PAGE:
Once again, that's very hard to beat. As I mentioned on the stimulus, I just think the stimulus is going to continue for a prolonged period. It will change. Monetary stimulus, I think inflation and higher interest rates will eventually come but I personally think they're a couple years away. Fiscal stimulus I think will change. So at the start, it's very much helicopter money. It's just get money to people as quickly as possible to protect them, just to make sure that they're all okay.

Paul Taylor:

But I think that will change. As I highlighted, I think that's... As we move become more and more... As everything normalises, that helicopter money goes away, but in Australia's case anyway, I think it gets replaced by infrastructure investments. I think that's what the Australian Government is definitely gearing up for. Is a move away from helicopter money but a move towards very significant infrastructure investment over the next few years.

Paul Taylor:

So monetary stimulus will continue, fiscal stimulus will continue in a different form. People will see from a range of the companies where we've invested in in Australian context. A lot of them are linked to that nation building, infrastructure and construction industries as well. So as I said, relative to everything else, I think it's pretty hard to beat the equity market, because you got to put your money somewhere. The yields in that, and the... Like I said, I talked about a sweet spot of monetary and fiscal stimulus and a period of low inflation. That to me is a real sweet spot for equities.

Viral Patel:

Thanks, Paul. Amit I'm going to ask you a question. You mentioned earlier the $1.5 trillion election coming up in Georgia in January. So say the democrats win that and they have a $2 trillion dollar fiscal stimulus, how are the American government going to fund all of that? Do they reverse the tax cuts off Trump? And if they're going to bring in the healthcare system, how are they going to fund all that?

Amit Lodha:

I think that's a great question. I think people will be surprised number one by how the Republican side will suddenly have [inaudible 00:26:32] about the debt. The Tea Party movement, I don't know, if you followed that in the past, I think that will come back pretty quickly. I think it's not a done deal in any which way or form. I think there is even a section of the Democratic Party which is quite worried about the problems that we are creating for the future, given all the money printing and all the fiscal debt that is building up on balance sheets.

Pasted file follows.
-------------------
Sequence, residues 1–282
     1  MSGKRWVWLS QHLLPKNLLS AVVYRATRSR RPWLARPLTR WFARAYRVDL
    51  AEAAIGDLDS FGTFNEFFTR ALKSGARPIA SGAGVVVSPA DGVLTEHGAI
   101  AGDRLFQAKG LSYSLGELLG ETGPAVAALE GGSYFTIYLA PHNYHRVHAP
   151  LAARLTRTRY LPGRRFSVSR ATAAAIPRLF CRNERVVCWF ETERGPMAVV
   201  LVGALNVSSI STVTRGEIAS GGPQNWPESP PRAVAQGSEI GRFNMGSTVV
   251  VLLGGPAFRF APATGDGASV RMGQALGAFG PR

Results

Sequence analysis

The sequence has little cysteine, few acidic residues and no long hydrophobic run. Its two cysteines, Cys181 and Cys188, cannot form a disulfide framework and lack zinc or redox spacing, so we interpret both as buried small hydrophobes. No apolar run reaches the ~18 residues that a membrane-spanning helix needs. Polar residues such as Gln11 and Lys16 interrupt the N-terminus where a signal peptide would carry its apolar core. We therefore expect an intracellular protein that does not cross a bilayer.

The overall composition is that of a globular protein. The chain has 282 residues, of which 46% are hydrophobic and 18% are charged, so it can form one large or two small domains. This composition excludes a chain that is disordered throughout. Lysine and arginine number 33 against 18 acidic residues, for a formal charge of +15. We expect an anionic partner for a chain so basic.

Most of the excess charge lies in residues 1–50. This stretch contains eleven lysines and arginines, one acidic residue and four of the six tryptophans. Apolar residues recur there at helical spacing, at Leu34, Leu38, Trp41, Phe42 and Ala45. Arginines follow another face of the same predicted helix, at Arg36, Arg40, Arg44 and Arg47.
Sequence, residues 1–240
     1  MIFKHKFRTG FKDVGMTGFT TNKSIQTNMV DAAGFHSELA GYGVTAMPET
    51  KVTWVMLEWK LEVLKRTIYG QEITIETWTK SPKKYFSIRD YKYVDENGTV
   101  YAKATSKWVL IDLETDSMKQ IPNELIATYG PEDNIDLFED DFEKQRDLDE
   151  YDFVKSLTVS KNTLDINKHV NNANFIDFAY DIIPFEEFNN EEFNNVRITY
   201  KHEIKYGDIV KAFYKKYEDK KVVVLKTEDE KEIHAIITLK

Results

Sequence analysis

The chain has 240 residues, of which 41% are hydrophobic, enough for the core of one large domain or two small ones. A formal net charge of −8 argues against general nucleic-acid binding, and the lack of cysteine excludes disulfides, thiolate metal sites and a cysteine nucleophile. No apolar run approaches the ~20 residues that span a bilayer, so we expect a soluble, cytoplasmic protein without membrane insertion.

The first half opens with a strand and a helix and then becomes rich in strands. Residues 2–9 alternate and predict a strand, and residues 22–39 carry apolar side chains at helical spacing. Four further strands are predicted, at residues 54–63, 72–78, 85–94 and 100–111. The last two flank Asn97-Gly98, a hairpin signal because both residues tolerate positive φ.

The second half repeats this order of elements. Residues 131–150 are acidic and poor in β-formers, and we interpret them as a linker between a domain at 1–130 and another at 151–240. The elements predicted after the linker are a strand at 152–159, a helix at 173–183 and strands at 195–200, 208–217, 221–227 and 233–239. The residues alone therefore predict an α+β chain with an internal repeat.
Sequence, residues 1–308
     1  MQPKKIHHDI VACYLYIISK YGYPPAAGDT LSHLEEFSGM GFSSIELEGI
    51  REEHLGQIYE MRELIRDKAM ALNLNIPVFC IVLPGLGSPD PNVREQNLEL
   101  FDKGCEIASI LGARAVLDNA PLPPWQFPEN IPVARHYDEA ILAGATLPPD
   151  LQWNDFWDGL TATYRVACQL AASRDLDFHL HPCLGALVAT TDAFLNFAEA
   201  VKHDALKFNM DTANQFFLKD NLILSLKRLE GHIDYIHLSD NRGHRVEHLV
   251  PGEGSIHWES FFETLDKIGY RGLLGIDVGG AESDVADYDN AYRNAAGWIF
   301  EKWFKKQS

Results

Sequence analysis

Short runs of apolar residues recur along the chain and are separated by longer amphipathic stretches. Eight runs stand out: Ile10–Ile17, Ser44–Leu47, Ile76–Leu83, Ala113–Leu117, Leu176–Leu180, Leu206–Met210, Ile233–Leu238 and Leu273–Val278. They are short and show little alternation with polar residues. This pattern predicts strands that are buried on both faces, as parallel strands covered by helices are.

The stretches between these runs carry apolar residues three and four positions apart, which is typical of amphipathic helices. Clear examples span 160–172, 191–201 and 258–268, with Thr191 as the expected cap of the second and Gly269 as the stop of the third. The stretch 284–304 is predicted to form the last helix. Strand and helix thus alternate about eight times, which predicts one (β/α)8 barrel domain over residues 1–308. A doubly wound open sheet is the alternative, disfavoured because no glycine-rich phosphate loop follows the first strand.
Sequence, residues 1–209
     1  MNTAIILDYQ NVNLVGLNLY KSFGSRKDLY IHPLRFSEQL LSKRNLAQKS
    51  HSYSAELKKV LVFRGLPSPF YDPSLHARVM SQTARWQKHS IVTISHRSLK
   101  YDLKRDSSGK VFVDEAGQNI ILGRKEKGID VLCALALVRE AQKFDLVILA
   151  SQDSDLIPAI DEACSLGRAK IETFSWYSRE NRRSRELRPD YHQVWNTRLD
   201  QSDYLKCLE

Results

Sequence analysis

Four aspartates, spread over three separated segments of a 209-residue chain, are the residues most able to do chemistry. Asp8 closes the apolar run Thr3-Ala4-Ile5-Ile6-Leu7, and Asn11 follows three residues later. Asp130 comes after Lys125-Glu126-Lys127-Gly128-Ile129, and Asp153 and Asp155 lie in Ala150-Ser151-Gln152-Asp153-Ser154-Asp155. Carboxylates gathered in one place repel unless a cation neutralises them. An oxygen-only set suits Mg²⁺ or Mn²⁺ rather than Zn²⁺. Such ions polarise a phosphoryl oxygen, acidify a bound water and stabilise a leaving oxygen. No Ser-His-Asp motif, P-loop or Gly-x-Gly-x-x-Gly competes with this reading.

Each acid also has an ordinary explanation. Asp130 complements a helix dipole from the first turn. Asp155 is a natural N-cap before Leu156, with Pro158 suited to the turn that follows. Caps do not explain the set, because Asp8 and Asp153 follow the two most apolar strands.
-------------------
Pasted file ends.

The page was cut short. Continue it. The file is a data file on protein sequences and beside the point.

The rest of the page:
Amit Lodha:

The amount that we just created in this year, is almost five or seven years worth of debt that has been created. So I think that remains a challenge in terms of how we navigate that. I'd say that, from what I've heard and this is... It's difficult because you're asking me to speculate on politics and like Alex, that's not my area of expertise. I'd say that Biden seems to be more of a centrist. But there is a section of the Democratic party who wants more done on MMT, more done on money printing. He's got to balance out these dynamics.

Amit Lodha:

Actually, a divided Senate has worked well for him so far in terms of just how he's been stuffing his cabinet where he's not had to have Sanders or Elizabeth Warren in the cabinet. I think from... If you just look at the the way his cabinet is structured at this point of time, or the people who are supposed to be coming on, I'd say he's following a more of a centrist policy which to me pushed me a little bit more in the camp that they will not try and break things, they'll go steady as it goes, do what is required, understand that this recovery is nascent and try and move in that direction.

Amit Lodha:

They are not big fans of corporate America. That's pretty clear from Democratic versus Republican side. So I think taxes will definitely go up. I think taxes on higher income will definitely go up. Inequality, I think is a big issue, which has been one of the big issues for this election. If you look at why President Trump did better than a lot of us anticipated, it is because the Republicans managed to actually paint the Democrats as socialists in certain areas and that really work with the American population in certain areas.

Amit Lodha:

So I think it's very unclear but I think the point that we need to take away is that it is very unclear. There's a lot of uncertainty as we navigate this environment. I think there is nothing as a done deal that will get two trillion until we see what happens in Georgia, until we see the the composition of the Senate, until we go through the motions as the year progresses.